Although I will often see toads among the garden critters, today was the first time I’ve ever seen a frog. We’ve been having a bit of a heat wave this summer and with no frog habitat nearby, I was very surprised to see it. I was milking the goats and the cat chased it into the barn. Then chased it toward me. I stuck out my foot to stop the cat and scooped up the frog. I took it outside and set it down by our outdoor water hose that leaks while it runs (so there was a little pond). It stayed there long enough to get it’s picture taken, but later after finishing my chores, it seemed to have moved on (or hidden better).
I’m always excited to see frogs, toads, snakes and other predators moving into the farm. In this era of poisons as a solution for pest control, the real losers are those that used to hunt them, but that get so over-loaded with poison that they mutate and die out. Meanwhile, the pests adapt to the poisons and only those that can survive breed and pretty soon the whole population of pests can withstand DDT. But slower breeders like predators and humans accumulate greater concentrations of poisons in our bodies, so it takes us longer to bounce back. The down side is that the pests come back twice as hard and now we’ve got a real problem because we’ve eliminated everything that used to eat them. Population explosion of pests fueled by monocultures and not regulated with any natural systems.
My goal, as a farmer, is to create habitat for the predators and let them do the hard work of controlling my pests for me. The frog was a surprise for me. Since our farm is located at the top of two water sheds, we have very little standing water close by. So this little frog must have made quite a journey. I remember frogs were all over when I was a kid, but pollution seems to have taken its toll. This frog seemed to be in good shape, no deformities that I could spot.
Other predator critters I’ve seen this summer include: preying mantis, snake, and toad.
This Saturday, June 29th the puppies will be 8 weeks old! On this day they will start going to their new homes. But we do still have three male puppies left eager to find families. If you are interested contact us right away, we will hold your place in line in the order we receive your $100 deposit. At pick-up you can pay your balance of $150 ($250 total). Puppies left are pictured below:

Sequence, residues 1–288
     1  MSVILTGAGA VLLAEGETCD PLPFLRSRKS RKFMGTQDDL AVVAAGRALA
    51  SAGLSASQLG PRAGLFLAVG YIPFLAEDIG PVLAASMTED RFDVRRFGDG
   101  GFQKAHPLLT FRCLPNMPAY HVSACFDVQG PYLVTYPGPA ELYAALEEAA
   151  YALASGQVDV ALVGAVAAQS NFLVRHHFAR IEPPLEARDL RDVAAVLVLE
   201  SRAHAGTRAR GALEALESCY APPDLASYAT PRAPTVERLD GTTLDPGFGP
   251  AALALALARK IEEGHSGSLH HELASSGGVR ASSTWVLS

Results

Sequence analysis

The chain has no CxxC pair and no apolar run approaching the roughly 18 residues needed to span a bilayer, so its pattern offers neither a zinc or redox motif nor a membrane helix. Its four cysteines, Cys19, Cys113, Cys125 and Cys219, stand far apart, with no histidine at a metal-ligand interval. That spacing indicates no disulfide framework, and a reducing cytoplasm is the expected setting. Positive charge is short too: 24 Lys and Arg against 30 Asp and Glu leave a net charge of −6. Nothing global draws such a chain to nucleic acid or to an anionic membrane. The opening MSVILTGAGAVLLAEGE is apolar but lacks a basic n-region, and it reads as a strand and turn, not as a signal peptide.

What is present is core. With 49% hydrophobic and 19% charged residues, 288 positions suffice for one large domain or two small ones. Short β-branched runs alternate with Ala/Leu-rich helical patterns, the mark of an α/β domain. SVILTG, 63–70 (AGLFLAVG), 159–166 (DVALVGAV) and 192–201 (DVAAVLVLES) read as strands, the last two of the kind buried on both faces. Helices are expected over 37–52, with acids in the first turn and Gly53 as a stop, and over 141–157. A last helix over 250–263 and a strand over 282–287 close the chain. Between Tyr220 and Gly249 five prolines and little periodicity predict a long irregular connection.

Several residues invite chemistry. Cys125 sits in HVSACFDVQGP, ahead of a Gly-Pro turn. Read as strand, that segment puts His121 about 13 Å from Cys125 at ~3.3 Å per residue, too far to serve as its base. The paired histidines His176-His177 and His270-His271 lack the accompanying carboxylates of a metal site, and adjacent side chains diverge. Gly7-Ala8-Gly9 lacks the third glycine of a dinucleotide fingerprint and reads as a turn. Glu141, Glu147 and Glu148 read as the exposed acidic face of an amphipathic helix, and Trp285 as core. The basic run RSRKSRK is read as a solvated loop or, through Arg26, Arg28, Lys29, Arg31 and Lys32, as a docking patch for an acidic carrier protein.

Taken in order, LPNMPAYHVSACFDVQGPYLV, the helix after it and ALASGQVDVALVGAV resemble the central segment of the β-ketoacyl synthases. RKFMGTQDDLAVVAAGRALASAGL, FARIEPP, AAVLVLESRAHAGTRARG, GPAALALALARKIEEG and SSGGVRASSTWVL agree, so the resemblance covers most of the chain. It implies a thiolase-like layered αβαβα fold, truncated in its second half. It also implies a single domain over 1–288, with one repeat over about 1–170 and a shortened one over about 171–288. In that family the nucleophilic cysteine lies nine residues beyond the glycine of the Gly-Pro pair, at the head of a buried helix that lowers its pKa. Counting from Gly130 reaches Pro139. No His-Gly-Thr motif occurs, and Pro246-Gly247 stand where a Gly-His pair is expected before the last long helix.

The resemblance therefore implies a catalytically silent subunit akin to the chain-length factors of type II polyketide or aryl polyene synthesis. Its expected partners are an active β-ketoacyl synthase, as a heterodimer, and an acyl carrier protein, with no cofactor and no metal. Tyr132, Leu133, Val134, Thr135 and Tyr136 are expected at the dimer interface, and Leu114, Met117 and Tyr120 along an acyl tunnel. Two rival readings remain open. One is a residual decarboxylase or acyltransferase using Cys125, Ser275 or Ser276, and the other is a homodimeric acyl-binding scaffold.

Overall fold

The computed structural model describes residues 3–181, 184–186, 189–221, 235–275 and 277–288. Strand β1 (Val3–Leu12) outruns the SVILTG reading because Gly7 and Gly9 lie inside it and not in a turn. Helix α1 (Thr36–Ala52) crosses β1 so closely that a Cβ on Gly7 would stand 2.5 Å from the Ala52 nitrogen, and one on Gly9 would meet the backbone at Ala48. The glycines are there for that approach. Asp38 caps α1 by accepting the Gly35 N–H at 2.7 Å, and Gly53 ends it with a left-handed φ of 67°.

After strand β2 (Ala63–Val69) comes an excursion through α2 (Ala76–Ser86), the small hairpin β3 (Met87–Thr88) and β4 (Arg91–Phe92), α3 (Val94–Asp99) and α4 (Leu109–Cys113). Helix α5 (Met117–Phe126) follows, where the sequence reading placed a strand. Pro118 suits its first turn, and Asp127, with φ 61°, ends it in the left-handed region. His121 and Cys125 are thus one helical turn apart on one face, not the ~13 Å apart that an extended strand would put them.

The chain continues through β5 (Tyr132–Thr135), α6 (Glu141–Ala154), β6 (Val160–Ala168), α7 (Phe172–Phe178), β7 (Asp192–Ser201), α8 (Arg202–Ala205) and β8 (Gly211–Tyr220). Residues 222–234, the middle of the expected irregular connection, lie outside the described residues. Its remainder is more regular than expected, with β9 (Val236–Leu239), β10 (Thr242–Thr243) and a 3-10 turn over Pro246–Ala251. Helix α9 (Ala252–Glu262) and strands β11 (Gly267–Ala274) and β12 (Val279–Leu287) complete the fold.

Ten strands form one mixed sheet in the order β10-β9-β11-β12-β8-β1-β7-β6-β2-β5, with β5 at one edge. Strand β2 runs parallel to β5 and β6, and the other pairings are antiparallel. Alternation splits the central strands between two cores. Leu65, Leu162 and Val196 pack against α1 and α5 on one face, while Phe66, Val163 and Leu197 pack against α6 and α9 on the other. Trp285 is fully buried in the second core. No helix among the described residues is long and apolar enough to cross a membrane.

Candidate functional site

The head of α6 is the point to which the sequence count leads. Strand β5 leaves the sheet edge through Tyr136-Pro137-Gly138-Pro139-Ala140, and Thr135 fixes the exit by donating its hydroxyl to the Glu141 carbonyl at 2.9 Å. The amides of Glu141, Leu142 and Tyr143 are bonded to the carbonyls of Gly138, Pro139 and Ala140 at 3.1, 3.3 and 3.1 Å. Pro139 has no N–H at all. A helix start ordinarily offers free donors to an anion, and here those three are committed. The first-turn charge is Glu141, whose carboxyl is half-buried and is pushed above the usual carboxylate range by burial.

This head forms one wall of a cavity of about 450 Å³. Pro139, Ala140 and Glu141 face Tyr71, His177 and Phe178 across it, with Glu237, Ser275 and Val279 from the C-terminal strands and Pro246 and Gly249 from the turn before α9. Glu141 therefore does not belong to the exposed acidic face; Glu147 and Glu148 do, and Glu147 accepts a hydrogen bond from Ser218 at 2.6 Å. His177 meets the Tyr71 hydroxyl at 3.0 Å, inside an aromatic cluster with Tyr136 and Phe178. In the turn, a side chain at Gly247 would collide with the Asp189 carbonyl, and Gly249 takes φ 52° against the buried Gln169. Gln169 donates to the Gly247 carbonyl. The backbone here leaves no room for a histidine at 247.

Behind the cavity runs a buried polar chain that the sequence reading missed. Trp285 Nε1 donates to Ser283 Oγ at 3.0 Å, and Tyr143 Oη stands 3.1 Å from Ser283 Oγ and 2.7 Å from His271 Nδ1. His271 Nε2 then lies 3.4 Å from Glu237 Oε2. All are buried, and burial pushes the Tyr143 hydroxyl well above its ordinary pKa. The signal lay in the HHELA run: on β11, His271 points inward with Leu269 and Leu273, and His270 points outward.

Known for her affectionate, friendly nature, Ripple is always a favorite. Her coat has a bit of curl to it, and thus we call her Ripple.
Scout, turns out to be aptly named as he has already starting to follow us around for our farm chores. He is extremely adventurous, and loves to be around people. He is easy going and doesn’t mind being rolled over on his back. He is a friendly little pup and will make an excellent farm dog.
When my father got cancer a few years ago, I dove into some extensive research to learn about alternative cures. They revealed that the cause of cancer was basically a toxic overload of the body (although some people are more susceptible than others), so the cure was to detoxify the body. My father did all these things and his cancer went away, without radiation, without chemo, without surgery. In 6 months it was gone. He was seeing a Naturopathic doctor that lived near him and supervised his diet and all “treatments”.
No sugar (sugar feeds cancer)
Less meat, fruit and grains, more veggies (veggies alkalize the blood)-fruit and grains are high in sugar-veggies high in sugar are potatoes, carrots, sweet potatoes, so should be eaten in moderation. We’re talking green, especially leafy green veggies
wheat grass shots
colon cleanse via hydrotherapy
more organic raw food (raw foods contain enzymes needed for healthy digestion, foods grown without chemicals reduce your toxic load)
more exercise, including yoga, walking and weight lifting
So when my father looked at this diet, he said, “But what can I have for breakfast?” This recipe was my response to that:
Cancer Fighting Porridge
1 cup sprouted wheat berries
1 cup home made kefir
1 tablespoon flax seed meal (freshly ground)
1 teaspoon beet root powder
Soak 1 cup wheat berries overnight in water. Pour off the water (some people with cancer will drink it, they call it rejuvelac) and put the wheat berries into a colander. Pour water over the wheat berries 2x a day until they sprout (will take about 3 days). This will make more than one cup of sprouted berries. Take 1 cup of the sprouted berries and combine with the kefir, flax seed meal and beet root powder. Blend in your blender and pour into a bowl. It will be a pretty pink and will be naturally sweet.
Cassandra is an easy favorite. She is okay with being rocked over on her back and will drift off to sleep while you hold her. She is so incredibly sweet. Easy going, friendly, and comes right up to people. She is fun with the kids (doesn’t bite too hard) and sweet as can be. If you’re near our area, give us a call and stop by for a visit. Our pups love company! Cassandra and many of her brothers and sisters are still available. A $100 deposit holds your place in line. They will cost a total of $250 with basic papers.
This little guy was named after the mouse the book, and like that character, little Despereaux is full of spunk and vigor. He is friendly and one of the first to greet us when we walk up. He exhibits both brown, black and white markings and will be beautiful when he is grown. He has a hearty appetite and is ready for action! Despereaux is currently available for purchase. All our puppies are $250 total, with a $100 deposit to hold your place in line. This includes basic papers.